The White House is playing the Alinsky gambit once again by picking a target to demonize to distract from its own failures.

10 December 2009

A contrast in styles

Old fashioned hokey Presidential Thanksgiving —

New style classy Presidential Thanksgiving —

Hope and change, my friends, hope and change.

New climate modeling software available

09 December 2009

Thoroughly rotten

Another day, another story about fraud in use of temperature records. I would like to be hopeful that this kind of thing matters but despite all the previous environmental hoaxes, every new one seems to be taken just as seriously as all the previous ones. Still, it’s amusing to think of all those saying “it can’t be fraud, because that would require a global conspiracy” while evidence for just that kind of thing keeps popping out of the woodwork…

P.S. Props to the UK Meteorological Office for deciding to try for good data obtained in a known manner. Not that there is any possibility of fraud or bogus “adjustments”!

Definition of "filler"

Via Brothers Judd is this amusing tidbit about President Obama once again demonstrating his near total lack of class. This is the funny bit —

“It’s very sad,” said Nobel Peace Center Director Bente Erichsen of the news that Obama would skip the peace center exhibit. Prize winners traditionally open the exhibitions about their work that accompany the Nobel festivities. “I totally understand why the Norwegian public is upset. If I could get a few minutes with the president, I’d say, ‘To walk through the exhibition wouldn’t take long, and I’m sure you would love the show. You have no idea what you are missing.’”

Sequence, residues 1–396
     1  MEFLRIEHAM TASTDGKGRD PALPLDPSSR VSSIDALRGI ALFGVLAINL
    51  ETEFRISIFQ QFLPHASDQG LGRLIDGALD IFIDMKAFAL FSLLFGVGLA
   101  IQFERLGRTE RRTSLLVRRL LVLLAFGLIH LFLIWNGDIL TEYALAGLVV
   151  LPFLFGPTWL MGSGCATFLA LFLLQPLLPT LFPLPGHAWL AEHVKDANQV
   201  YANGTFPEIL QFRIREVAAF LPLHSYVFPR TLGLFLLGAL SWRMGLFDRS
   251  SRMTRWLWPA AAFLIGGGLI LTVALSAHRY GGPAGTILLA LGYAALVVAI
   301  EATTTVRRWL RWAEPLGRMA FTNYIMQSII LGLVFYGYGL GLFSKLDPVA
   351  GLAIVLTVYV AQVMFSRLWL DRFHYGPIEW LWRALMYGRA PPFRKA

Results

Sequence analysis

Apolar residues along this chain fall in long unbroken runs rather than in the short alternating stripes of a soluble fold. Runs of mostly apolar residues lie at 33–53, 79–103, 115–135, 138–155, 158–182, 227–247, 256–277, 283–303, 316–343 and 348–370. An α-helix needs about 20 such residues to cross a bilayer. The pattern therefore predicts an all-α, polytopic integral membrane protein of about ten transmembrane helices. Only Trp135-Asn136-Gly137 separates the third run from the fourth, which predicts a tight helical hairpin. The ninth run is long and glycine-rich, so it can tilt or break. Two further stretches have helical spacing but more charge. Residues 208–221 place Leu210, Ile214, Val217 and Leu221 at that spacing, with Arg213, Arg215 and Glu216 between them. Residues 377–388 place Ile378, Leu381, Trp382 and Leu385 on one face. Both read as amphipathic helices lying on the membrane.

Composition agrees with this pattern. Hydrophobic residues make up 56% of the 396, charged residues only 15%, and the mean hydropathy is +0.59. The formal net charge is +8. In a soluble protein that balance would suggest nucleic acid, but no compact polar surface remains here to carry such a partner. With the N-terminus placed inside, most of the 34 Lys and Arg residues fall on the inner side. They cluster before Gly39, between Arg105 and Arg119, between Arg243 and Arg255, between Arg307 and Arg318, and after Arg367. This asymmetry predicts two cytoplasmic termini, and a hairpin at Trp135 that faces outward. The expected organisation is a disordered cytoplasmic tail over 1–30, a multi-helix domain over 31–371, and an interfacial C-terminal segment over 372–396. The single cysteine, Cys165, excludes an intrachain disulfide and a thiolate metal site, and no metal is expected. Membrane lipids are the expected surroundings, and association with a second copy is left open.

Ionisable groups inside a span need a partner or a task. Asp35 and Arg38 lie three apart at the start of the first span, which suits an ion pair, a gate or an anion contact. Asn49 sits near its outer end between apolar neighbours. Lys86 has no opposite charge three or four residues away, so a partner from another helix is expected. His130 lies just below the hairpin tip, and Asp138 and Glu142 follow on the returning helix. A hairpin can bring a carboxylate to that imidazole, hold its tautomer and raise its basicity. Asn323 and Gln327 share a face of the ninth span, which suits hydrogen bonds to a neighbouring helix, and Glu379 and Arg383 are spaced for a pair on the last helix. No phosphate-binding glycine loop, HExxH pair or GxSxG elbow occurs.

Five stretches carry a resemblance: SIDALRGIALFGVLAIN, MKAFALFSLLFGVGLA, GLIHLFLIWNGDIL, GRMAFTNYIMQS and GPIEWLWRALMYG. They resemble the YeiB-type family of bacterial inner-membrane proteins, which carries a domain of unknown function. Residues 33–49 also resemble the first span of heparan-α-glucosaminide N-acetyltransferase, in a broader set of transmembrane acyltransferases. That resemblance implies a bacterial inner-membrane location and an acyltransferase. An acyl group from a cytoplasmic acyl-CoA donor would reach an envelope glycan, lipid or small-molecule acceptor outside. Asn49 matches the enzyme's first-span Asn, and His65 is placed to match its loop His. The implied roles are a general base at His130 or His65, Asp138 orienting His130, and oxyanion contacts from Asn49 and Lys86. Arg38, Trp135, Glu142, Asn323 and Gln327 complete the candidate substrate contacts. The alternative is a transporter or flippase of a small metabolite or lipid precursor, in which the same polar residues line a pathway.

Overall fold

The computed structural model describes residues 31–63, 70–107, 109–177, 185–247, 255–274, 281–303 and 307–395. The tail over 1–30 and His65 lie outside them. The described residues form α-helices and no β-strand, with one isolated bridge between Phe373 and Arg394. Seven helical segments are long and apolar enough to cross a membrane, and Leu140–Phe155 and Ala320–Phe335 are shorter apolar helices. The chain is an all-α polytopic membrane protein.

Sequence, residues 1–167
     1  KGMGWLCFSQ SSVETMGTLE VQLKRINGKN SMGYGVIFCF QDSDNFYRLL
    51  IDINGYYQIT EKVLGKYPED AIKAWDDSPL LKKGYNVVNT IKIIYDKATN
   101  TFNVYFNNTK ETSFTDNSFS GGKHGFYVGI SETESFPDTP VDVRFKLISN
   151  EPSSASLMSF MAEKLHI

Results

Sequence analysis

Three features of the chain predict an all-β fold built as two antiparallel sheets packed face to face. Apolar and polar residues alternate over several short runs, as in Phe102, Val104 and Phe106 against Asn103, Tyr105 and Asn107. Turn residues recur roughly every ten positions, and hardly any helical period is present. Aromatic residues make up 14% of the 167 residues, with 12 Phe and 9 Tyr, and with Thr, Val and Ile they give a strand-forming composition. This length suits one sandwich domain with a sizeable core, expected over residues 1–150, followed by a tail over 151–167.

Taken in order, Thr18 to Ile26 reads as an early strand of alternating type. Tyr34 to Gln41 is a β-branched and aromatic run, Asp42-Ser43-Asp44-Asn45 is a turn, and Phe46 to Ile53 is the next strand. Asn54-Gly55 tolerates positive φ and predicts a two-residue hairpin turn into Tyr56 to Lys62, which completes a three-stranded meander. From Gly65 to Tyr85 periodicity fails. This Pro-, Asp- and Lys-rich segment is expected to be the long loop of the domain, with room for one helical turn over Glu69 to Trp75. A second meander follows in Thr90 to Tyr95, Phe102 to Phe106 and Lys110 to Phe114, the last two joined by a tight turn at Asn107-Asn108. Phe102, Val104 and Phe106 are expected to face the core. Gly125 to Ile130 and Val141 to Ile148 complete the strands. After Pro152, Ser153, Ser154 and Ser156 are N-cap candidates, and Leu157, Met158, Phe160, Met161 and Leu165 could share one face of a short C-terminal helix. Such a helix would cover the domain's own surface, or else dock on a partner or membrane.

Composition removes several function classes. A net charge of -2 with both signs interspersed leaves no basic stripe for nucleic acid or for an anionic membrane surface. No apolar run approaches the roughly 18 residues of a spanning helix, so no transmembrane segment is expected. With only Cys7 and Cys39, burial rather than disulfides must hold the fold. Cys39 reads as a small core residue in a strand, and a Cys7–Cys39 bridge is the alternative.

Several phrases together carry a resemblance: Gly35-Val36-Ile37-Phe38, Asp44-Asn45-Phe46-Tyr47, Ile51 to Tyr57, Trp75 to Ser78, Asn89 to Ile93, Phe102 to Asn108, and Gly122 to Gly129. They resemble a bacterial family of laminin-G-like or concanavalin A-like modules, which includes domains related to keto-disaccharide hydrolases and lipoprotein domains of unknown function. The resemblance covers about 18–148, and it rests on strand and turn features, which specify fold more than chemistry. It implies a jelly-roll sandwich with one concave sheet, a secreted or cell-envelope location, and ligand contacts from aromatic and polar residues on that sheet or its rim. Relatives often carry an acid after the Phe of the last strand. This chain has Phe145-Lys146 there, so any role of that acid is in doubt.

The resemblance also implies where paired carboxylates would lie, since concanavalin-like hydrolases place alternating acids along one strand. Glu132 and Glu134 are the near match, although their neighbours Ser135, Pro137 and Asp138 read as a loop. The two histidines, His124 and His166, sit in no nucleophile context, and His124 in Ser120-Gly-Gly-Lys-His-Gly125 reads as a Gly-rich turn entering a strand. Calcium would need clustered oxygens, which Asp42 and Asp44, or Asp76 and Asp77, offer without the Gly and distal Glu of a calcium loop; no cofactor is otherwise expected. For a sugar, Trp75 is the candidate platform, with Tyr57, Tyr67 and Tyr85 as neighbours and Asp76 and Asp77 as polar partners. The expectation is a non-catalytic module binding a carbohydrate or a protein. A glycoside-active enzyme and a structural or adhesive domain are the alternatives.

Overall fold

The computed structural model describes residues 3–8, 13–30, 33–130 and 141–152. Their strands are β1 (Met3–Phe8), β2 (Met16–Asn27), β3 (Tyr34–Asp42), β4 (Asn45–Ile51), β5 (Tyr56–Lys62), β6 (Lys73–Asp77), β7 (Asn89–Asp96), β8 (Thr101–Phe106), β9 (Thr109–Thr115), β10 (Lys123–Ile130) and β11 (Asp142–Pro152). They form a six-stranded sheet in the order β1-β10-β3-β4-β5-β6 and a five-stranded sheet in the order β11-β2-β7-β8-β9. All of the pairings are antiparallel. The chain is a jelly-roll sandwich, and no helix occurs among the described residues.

You bet it wouldn’t take long. I would be amused to see what, exactly, the Norwegians put in the exhibit as Obama’s “accomplishment”. Pictures of ex-President Bush leaving the White House? A teleprompter? An empty file folder?

08 December 2009

Imperial Science

Here’s a post from before the CRUtape Letters which captures their essence —

What is so bizarre is this. The FOI request by Steve McIntyre to the Met Office was for a copy of the data sent to Peter Webster. If the restrictions on the data hold for Steve McIntyre, why did they not prevent release of the data to Webster?

When asked by Warwick Hughes for this data, Dr. Jones famously replied:
Even if WMO agrees, I will still not pass on the data. We have 25 or so years invested in the work. Why should I make the data available to you, when your aim is to try and find something wrong with it.